Abigail Adams to John Quincy Adams
Philadelphia Febry 5 1792—
my dear son
Tis a very long time since I wrote to you, or heard from you I have been more engaged in company than is my choice but living in Town has necessarily devolved more of it upon us than heretofore, and tho we have not seen more than in reality we ought to considering our publick Character, yet it is much of an Egyptian task, and fall some times much heavier upon me than my state of health will bear. we have regularly dined from 16 to 18 and sometimes 20 person every wednesday in the week Since I removed into Town, and on Mondays I see company. the rest of the week is or might be altogether taken up in Par[ties] abroad, many of which I have been obliged to decline on account of my Health. Your sister has been with me these 5 weeks and william, the col & Charles part of the time. they will leave me in a week or 10 days, and when we are to meet again, is in the Bosom of futurity The col & Family embark for England in the March Packet, not in a Publick capacity, but under such advantageous private contracts that tho it is with the utmost regreet I can consent to the seperation yet I think I ought not to say any thing to discourage them.1 tis probable two years will be the least time they will be absent. the matter has been only a few days in agitation, and the determiniation of going in the March packet will hasten them from hence Sooner than I am willing to part with them. I am glad to see one of the Family in a prosperous situation, as from the col account I have reason to believe he is. I wish your Father would propose Thomass going with him. I think it would be advantageous to his Health and would give him a good opportunity of seeing Something more of the world he could be in the col’s Family and of service to him in his transactions but I dare not venture upon the proposition, and as the cols going was communicated to him but yesterday I believe the thought has not yet occurd to him. Congress proceed so slowly in Buisness that I fear I shall be detaind here till May to my great regreet Post office Bill Representation & Indian War are great subjects of debate, the latter a melancholy one indeed— the secretary at War and of the Treasury are attackd and handled pretty Roughly in the News papers. your transactions for me in the Buisness way met my approbation. Cheeseman however did not act the Man of Honour and shall not be employd by me again. if I found Cealia, as I did, he was to have only 8 dollors which he was to call upon me for here. I never gave him any Authority to apply to you. When you receive the Rent of the House, Buy a Peice of Linnen and cambrick for them & get cousin Lucy Cranch to make your shirts and pay her for doing it out of the Rent. I know you must want a peice.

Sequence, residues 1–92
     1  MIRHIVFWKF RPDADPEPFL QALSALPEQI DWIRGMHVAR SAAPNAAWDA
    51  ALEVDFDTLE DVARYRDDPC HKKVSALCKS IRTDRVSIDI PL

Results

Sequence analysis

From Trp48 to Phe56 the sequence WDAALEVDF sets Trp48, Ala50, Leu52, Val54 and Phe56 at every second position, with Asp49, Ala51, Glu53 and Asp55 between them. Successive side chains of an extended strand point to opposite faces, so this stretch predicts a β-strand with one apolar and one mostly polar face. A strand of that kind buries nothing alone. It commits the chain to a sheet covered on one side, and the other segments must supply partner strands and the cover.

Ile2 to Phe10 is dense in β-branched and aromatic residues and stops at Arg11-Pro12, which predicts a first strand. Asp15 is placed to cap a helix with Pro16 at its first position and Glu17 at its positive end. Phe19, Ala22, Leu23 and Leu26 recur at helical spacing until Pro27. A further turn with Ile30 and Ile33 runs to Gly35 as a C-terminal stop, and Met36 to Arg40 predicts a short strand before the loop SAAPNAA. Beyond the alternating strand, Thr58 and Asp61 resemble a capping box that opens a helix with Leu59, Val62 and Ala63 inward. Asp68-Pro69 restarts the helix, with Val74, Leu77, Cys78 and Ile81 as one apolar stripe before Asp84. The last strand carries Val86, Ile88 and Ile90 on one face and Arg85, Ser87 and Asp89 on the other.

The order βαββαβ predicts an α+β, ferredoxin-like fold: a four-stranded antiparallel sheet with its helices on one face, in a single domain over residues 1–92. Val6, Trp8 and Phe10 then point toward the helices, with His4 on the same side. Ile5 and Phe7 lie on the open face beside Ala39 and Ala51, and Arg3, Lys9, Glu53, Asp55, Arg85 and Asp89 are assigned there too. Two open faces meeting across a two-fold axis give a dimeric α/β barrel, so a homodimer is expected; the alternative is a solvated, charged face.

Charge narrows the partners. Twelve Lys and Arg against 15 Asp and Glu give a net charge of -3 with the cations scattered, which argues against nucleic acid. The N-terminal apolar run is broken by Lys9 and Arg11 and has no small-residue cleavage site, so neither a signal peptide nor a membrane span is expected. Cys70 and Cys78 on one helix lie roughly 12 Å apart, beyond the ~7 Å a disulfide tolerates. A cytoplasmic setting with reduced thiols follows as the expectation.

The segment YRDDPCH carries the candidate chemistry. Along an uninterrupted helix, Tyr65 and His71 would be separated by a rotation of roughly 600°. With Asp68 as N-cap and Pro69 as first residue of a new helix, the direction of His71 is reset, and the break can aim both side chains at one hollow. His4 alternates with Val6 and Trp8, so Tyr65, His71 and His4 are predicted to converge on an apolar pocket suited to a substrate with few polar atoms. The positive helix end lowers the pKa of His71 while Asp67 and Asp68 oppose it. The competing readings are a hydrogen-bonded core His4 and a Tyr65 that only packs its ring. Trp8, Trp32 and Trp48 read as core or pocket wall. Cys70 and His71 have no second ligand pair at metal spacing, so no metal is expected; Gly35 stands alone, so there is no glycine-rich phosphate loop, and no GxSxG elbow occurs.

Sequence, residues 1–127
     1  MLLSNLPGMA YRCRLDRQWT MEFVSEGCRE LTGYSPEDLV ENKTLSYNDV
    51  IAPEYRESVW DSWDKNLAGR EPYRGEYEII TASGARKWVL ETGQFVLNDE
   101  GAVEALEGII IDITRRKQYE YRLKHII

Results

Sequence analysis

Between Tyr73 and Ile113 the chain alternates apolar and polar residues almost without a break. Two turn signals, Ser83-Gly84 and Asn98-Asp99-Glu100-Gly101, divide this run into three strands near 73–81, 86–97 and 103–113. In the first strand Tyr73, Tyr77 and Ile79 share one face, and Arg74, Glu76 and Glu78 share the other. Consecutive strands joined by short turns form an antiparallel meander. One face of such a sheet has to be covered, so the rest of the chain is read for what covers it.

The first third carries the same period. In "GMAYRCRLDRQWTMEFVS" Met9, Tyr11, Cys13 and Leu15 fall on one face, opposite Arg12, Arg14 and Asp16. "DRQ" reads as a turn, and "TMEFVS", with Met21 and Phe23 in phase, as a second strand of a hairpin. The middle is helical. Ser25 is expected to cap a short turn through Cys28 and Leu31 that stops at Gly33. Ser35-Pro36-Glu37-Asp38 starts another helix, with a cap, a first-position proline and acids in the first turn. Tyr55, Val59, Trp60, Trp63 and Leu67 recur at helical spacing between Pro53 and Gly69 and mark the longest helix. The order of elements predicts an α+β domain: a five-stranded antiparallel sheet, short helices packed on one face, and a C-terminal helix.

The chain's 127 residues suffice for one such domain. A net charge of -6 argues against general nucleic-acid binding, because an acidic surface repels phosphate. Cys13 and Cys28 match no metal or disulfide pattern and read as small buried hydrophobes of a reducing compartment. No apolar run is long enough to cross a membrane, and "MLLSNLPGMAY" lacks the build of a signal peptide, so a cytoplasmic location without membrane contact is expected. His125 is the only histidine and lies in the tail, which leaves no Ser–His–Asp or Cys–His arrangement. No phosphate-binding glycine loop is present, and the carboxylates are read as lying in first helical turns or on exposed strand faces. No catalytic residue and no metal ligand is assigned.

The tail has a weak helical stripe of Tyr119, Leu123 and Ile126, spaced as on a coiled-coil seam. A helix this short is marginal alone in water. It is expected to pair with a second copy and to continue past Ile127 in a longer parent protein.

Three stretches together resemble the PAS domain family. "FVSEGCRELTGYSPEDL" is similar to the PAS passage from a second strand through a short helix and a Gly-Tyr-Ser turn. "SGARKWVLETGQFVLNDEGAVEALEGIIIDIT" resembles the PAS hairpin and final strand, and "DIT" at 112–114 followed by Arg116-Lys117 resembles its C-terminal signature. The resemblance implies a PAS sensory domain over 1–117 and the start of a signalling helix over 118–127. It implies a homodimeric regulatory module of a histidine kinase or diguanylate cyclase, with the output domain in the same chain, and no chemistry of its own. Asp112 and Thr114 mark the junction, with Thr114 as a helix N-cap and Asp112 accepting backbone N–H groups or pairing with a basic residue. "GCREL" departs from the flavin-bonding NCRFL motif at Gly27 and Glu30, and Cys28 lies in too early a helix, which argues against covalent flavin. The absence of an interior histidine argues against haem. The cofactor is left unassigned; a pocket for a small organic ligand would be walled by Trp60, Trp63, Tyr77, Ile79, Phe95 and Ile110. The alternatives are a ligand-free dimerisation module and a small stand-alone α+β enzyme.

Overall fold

we are all in pretty good Health, the old intermitting still torments us at times tho it does not amount to the Ague yet—
inclosed is a Ticket:2 see if it is worth any thing and let me know the cider you bought should be drawd of this month or the begining of March.
Let me hear from you soon and be assured that I am / Your affectionate Mother
we send you Espinasse printed here judge Lowel is so good as to take it3
RC (Adams Papers); addressed by TBA: “John Quincy Adams Esqr: / Boston”; endorsed: “My Mother. / Feby: 5 1792. Philadelphia” and “My Mother. 5. Feby: 1792.” Some loss of text due to a torn manuscript.
1. The exact nature of WSS’s contracts is unknown, but they were probably an extension of the speculative ventures that he commenced during his 1790–1791 trip to England, for which see AA to Mary Smith Cranch, 12 Dec. 1790, note 2, above. WSS was apparently displeased with having to make this second voyage; he wrote bitterly to Henry Knox that the trip was “a money making pursuit, which was never suited to my genius nor my ambition, but you may tell the President that he & his minister of State have forced me to it.” WSS blamed George Washington and especially Thomas Jefferson for their failure to provide him with what he considered an adequate governmental appointment. WSS, AA2, and their two children sailed for England on 29 March 1792 aboard the Bristol, Capt. Pierre de Pyster, arriving in England in early May (WSS to Knox, 27 March, MHi:Knox Papers; New York Diary, 30 March).
2. Not found.
3. Isaac Espinasse, A Digest of the Law of Actions at Nisi Prius, 2 vols., London, 1789, was reprinted and sold in Philadelphia by Joseph Crukshank and William Young (Philadelphia Federal Gazette, 18 Jan. 1792).